Huntsman

Jon Huntsman and his family with President Nixon in the Oval Office, 1970.

Tricia Nixon Cox and Julie Nixon Eisenhower remember Jon Huntsman

Jon Huntsman Sr., a philanthropist and businessman who served as special assistant and staff secretary to President Nixon, died today at age 80.

Mr. Huntsman joined the Nixon administration in 1970 as Associate Administrator of the Department of Health, Education and Welfare and later served as Special Assistant and Staff Secretary to the President.

President and Mrs. Nixon’s daughters, Tricia Nixon Cox and Julie Nixon Eisenhower, released the following statement upon hearing the news:

“We are very saddened to hear of the passing of Jon Huntsman. Jon was one of the young men and women who came to Washington to join our father’s administration. He served ably, first at the Department of Health, Education and Welfare and then in the West Wing. He was a man of great patriotism, steadfast faith, and deep devotion to his family. Thanks to his philanthropy, including outstanding support for education and medical research, he leaves many living legacies. Our thoughts today are with his family and many friends around the world.”

Fred Malek, President Nixon’s personnel chief, recruited Jon Huntsman into the administration. Malek released the following statement on the passing of Mr. Huntsman:

“I first read about Jon Huntsman in a survey that the Nixon administration conducted to identify the most impressive and successful young businesspeople in the country. We were looking for business-like minds to streamline the bureaucracies of Washington and make government more efficient and responsive to the American people.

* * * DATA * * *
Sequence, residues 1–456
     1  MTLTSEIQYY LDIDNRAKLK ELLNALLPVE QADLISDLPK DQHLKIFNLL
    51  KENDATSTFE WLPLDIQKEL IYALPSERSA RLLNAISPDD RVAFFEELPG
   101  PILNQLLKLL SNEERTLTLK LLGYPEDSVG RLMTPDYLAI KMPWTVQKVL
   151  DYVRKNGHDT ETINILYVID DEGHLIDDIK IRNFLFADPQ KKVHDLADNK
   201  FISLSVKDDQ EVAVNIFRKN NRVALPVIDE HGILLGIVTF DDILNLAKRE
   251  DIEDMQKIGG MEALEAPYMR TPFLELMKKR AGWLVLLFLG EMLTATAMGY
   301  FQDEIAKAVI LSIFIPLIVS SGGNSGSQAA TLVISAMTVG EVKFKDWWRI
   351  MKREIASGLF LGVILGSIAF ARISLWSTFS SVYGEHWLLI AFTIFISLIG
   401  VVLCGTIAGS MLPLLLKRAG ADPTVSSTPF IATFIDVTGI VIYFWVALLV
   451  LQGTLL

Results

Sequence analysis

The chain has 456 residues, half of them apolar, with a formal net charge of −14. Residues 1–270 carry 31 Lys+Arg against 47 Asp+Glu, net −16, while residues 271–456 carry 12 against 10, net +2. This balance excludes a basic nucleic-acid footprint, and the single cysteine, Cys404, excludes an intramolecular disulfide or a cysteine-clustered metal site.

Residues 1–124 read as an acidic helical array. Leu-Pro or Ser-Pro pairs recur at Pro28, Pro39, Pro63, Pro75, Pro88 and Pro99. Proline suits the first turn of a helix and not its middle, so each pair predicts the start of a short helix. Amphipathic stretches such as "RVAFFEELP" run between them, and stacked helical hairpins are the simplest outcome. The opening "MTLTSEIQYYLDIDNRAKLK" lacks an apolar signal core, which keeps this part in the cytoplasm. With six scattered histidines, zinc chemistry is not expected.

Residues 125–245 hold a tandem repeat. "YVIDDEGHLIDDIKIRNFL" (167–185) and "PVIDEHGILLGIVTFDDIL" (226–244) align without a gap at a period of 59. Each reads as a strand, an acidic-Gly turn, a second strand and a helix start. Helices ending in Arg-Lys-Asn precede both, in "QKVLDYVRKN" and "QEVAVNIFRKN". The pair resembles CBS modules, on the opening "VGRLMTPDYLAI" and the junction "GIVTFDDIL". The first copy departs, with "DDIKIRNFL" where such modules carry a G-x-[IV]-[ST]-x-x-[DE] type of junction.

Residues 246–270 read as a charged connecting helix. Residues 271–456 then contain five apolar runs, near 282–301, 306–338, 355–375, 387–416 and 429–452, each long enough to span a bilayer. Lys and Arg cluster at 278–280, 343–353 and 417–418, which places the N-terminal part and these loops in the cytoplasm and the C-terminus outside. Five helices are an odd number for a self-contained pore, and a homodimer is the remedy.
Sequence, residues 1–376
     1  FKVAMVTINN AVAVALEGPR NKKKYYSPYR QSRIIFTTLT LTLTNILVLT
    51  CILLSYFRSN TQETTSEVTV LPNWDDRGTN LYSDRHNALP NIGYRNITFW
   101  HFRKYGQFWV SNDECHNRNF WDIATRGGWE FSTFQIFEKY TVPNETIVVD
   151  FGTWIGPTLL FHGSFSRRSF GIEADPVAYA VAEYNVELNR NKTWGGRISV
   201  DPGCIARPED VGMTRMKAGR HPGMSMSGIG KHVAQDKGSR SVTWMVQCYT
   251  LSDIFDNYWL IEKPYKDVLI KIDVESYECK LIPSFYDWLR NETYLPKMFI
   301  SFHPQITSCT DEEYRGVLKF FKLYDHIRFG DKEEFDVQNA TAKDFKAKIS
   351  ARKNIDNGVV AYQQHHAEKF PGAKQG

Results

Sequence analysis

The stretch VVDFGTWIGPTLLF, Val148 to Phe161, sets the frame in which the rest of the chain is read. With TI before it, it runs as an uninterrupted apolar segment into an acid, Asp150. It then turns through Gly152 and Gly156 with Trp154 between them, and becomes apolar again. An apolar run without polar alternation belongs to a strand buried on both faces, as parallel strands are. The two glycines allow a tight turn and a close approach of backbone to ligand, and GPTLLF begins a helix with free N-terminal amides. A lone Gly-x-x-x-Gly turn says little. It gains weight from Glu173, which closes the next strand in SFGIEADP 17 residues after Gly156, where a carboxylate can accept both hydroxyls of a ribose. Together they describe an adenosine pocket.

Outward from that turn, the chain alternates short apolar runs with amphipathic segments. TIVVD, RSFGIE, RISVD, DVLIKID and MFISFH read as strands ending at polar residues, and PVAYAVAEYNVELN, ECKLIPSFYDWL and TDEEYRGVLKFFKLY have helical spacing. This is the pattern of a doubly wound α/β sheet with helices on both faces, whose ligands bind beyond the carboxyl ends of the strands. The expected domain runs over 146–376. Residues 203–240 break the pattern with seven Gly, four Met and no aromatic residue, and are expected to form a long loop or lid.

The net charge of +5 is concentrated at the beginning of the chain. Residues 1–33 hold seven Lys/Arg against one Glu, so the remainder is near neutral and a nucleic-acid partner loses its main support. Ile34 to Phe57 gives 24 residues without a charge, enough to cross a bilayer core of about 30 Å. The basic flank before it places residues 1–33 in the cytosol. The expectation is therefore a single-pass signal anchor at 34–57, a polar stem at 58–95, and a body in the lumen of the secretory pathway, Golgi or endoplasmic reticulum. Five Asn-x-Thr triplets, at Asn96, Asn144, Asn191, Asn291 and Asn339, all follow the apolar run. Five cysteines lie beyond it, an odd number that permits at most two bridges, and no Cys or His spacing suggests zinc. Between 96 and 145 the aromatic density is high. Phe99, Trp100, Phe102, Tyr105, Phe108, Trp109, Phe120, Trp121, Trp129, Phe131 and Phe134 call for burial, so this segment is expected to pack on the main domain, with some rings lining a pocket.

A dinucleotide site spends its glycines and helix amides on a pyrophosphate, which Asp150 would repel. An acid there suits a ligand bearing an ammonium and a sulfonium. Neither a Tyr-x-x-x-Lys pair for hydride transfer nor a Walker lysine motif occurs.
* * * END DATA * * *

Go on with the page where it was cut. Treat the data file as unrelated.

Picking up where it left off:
I was impressed with this 32-year-old CEO of Huntsman Container Corporation in California, and called him at the outset of the administration to ask him to join us in Washington. Even with seven children and a still-growing family, he accepted the call and performed superbly at the Department of Health, Education and Welfare.

Jon had natural gifts for leadership and management. He knew how to manage information in the most efficient of ways and achieve real results, and I brought him into the White House as Staff Secretary in 1971. President Nixon benefitted immensely from Jon’s productivity, loyalty and dedication both to his job, and to the larger ideal it represented: working to make government more efficient and better responsive.

Jon once called President Nixon his hero, and President Nixon was lucky to have Jon Huntsman serving in his administration.

We remained dear friends over nearly five decades, and I will miss his integrity, his always-cheerful demeanor, and his driving passion to help his fellow man. Few people have ever been as generous or as compassionate.

Marlene and I are thinking of, and praying for, Karen and the Huntsman family at this difficult time.”

Stephen Bull, special assistant to President Nixon and appointments secretary, remembers Huntsman as, “a competent and professional colleague, a true gentleman, and a loyal and generous friend.”